This year could become a kick-ass year for women in the world of central banking.
Since the start of 2014, women have been slowly, but surely, ascending the ranks of global central banks.
Earlier this week, 51-year-old Nemat Shafiq, an Egyptian-born economist who has worked for the International Monetary Fund, was appointed by the Bank of England as the deputy governor for financial markets and banking.
As the UK’s Guardian newspaper notes, “Nemat Shafik’s appointment as the deputy governor of the Bank of England will turn her from a relative unknown into arguably the most powerful woman in the City of London.”
The development complements two other interesting appointments at the European Central Bank.
At the start of this year, Frenchwoman Daniele Nouy began her stint as chair of the Supervisory Board of the supervisory mechanism at the ECB. Germany’s 49-year-old Sabine Lautenschlaeger also made the headlines after she joined the until-then all-male executive board of the ECB.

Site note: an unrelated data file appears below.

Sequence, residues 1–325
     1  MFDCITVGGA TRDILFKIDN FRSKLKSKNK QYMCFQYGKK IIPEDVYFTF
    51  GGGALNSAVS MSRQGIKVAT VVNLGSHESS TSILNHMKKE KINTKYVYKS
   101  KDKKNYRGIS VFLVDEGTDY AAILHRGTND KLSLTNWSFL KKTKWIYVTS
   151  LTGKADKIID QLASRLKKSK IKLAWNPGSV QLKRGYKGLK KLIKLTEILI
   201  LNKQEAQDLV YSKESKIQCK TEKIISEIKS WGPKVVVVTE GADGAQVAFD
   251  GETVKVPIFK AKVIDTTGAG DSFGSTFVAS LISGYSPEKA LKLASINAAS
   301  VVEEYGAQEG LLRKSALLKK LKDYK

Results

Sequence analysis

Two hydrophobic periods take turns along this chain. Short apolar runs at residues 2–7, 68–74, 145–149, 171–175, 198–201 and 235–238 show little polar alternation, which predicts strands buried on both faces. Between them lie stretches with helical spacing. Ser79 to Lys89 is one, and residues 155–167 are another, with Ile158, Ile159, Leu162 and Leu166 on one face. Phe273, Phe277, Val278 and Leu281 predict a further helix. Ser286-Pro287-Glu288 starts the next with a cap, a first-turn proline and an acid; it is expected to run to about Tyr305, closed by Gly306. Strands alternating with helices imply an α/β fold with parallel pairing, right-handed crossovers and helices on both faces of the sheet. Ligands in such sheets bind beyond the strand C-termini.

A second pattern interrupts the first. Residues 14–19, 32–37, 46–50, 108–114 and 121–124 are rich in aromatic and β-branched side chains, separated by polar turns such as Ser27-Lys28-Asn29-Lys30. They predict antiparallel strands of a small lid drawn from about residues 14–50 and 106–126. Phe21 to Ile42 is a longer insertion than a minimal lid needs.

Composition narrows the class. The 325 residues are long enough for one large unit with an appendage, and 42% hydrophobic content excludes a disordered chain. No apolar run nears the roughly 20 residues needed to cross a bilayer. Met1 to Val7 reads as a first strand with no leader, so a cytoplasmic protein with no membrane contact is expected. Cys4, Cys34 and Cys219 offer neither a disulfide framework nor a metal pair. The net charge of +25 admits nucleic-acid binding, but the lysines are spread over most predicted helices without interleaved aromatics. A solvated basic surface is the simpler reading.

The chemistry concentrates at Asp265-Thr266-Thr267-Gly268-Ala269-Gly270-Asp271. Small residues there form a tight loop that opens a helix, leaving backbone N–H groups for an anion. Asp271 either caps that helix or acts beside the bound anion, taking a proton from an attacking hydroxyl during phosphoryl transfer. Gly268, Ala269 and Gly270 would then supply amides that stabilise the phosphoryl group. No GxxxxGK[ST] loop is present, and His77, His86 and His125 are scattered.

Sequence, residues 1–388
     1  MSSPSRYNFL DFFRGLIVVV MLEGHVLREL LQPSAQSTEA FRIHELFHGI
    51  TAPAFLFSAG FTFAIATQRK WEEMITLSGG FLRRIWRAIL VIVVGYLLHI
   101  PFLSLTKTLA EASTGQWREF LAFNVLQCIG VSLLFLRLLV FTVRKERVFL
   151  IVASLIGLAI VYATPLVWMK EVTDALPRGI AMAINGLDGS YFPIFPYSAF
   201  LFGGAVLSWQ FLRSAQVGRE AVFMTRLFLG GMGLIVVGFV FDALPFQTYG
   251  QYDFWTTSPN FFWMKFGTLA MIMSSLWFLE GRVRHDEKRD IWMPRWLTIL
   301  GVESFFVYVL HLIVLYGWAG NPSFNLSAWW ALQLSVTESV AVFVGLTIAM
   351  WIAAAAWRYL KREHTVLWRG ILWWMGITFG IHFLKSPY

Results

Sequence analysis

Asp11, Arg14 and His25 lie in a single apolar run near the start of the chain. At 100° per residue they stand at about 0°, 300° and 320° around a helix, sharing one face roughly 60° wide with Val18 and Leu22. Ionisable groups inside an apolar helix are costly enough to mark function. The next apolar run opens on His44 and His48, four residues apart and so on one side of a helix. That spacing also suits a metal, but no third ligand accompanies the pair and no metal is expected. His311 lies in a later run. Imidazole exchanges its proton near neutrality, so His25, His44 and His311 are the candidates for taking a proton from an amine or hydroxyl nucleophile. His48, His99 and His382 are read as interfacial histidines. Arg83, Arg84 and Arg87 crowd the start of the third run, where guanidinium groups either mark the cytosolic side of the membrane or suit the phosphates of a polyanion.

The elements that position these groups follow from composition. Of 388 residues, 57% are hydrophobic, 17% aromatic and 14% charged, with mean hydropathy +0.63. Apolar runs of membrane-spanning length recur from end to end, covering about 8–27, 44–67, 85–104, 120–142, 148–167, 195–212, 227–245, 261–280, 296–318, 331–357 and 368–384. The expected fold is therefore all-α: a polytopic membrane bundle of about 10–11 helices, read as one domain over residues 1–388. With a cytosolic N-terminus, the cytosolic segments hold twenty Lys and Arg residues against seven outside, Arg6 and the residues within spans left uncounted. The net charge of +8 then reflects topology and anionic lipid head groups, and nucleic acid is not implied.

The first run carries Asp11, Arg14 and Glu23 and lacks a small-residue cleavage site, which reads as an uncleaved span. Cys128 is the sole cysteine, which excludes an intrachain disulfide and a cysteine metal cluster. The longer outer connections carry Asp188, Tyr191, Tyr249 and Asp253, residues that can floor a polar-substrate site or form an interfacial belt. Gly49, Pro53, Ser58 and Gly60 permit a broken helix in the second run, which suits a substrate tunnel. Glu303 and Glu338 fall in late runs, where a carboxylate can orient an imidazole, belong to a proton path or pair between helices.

Of course, there is no denying that central banking is still very much a man’s world. But women are gradually overcoming that barrier.
The most high-profile appointment, of course, is that of Janet Yellen, who became the US Federal Reserve’s chairperson in February. She is, undoubtedly, in charge of the world’s most influential central bank.
Nevertheless, Yellen is the only top female central bank head in the developed world; the developing world fares better when it comes to hiring female heads for central banks.
For instance, Elvira Nabiullina is at the helm of Russia’s central bank (although it is debatable whether Russia is a developed or developing nation). South Africa’s Bank is also headed by a woman, Gill Marcus, while Malaysia also has a female central banker, Zeti Akhtar Aziz.
All in all, there are about a half-dozen female central bankers in big countries that are not members of the Organisation for Economic Cooperation and Development, and more than a dozen around the world,” notes this New York Times blog post.
Here’s hoping the trend of women taking up more senior and high-profile roles in central banks gains further traction.